Create Meaningful Engagement with Affected Stakeholders

The Draft Directive mentions consultation with affected stakeholders but takes a narrower approach than the UNGPs and OECD Guidelines. BSR believes that effective human rights due diligence is grounded in stakeholder engagement—especially with the most vulnerable. To effectively identify their impacts and ensure any mitigation and remediation measures address the needs of those affected, companies should meaningfully engage with affected stakeholders across their value chain, with special attention to vulnerable groups who are most likely to be negatively affected by business activities. 

Review and Strengthen Your Approach to Remedy

Access to effective remedy is a core component of the UNGPs and the OECD Guidelines. The Draft Directive requires companies to have complaints procedures and creates liability where a company fails to conduct adequate due diligence. But it currently lacks a substantive and clear obligation on companies to provide effective remedy, especially for the most vulnerable. Companies should assess the effectiveness of grievance mechanisms in place against the effectiveness criteria set out in UNGP 31 and ensure that their remediation processes address the needs of affected stakeholders and vulnerable populations. See our report on access to remedy for more insights.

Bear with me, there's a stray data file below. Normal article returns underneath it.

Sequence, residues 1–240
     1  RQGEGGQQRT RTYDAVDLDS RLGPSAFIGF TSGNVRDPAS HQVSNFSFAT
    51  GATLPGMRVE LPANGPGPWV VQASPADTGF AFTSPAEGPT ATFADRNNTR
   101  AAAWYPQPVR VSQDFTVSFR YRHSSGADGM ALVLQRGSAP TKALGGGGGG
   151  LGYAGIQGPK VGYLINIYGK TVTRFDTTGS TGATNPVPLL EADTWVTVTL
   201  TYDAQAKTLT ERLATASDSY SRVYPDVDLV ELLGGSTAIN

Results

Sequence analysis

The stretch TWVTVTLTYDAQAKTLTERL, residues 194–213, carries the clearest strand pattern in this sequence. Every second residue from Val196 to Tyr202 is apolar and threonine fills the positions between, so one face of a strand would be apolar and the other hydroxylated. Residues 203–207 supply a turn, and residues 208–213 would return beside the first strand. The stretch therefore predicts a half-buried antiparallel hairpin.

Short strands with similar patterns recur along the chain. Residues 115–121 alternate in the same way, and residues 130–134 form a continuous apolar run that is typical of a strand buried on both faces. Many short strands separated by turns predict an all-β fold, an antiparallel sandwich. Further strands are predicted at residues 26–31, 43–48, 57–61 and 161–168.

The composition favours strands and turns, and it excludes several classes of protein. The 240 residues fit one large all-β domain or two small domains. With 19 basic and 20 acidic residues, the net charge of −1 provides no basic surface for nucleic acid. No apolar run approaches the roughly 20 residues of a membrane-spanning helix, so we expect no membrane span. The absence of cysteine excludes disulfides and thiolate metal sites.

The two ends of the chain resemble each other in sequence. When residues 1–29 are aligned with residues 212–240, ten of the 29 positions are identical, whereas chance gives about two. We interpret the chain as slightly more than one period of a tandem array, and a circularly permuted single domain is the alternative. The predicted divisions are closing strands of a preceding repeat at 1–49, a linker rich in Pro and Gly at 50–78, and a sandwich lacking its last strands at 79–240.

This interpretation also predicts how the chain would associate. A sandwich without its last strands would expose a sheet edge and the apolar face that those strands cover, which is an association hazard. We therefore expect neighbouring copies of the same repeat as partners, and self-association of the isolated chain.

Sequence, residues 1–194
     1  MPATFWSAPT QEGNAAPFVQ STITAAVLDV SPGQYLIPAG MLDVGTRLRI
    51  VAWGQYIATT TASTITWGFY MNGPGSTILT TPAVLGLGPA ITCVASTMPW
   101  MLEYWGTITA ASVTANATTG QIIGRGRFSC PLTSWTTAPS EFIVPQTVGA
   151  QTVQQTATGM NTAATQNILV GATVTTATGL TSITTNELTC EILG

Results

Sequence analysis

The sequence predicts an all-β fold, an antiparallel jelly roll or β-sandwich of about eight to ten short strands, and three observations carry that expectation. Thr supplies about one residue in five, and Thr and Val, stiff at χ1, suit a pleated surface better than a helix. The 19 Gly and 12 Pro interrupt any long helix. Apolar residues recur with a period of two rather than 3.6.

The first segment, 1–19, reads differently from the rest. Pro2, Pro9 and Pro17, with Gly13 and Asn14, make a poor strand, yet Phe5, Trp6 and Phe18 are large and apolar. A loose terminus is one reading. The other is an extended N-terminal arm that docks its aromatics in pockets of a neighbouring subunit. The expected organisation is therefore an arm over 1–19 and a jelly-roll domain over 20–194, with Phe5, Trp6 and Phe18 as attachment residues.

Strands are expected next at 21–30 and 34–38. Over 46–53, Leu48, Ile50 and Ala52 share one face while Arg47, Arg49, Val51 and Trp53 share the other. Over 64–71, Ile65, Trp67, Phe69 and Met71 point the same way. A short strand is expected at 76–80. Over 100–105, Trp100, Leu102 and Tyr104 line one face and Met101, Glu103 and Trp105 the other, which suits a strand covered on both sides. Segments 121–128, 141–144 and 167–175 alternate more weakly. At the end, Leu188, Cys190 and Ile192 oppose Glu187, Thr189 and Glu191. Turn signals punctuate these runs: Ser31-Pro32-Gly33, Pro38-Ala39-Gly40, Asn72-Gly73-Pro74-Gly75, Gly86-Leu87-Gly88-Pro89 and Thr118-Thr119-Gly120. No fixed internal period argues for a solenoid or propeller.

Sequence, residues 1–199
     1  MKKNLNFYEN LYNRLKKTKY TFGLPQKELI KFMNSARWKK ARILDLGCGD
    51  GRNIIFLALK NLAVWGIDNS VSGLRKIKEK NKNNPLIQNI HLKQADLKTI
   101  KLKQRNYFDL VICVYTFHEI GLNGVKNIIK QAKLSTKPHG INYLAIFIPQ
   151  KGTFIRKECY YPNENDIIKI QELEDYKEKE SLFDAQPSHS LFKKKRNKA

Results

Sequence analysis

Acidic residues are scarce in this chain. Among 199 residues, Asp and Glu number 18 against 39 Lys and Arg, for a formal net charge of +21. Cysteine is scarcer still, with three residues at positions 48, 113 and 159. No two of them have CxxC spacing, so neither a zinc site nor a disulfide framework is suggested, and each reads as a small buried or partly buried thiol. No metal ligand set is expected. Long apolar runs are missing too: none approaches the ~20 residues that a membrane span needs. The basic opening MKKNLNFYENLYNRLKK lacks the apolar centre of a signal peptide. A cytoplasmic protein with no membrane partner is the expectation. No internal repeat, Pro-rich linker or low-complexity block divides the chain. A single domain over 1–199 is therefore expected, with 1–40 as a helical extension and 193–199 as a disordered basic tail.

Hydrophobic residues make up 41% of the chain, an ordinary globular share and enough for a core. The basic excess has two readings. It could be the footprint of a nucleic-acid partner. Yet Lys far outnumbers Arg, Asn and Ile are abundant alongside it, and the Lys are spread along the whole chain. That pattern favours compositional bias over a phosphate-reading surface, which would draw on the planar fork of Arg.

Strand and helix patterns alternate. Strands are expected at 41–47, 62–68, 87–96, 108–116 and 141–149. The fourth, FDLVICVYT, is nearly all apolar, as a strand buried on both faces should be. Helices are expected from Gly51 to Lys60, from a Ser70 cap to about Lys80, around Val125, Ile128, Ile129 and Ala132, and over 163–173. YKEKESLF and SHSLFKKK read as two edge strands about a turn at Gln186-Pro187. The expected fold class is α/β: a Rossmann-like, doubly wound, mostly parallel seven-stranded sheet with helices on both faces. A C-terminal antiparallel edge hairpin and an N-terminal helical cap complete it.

Whether you’re just getting started or are more advanced in your journey, following the above recommendations and adhering to the UNGPs and OECD Guidelines will enable companies to comply with the Draft Directive and meet upcoming legal requirements at the EU level and beyond, as well as increased stakeholder expectations.

This blog is the first of a three-part series. Next time, we will take a closer look at the new directors’ duties in the context of broader changes to board accountability for sustainability matters and how to connect the dots between human rights and environmental due diligence.


1 Human rights due diligence is a way for companies to proactively manage potential and actual adverse human rights impacts with which they are involved. It involves four core components as set out in the UNGPs and requires companies to prevent, identify, mitigate, and remedy these impacts.
2 Unlike the UNGPs and OECD Guidelines, the Draft Directive only applies to large companies, thus excluding SMEs from any obligations to conduct due diligence, and limits the extent of these obligations for financial companies.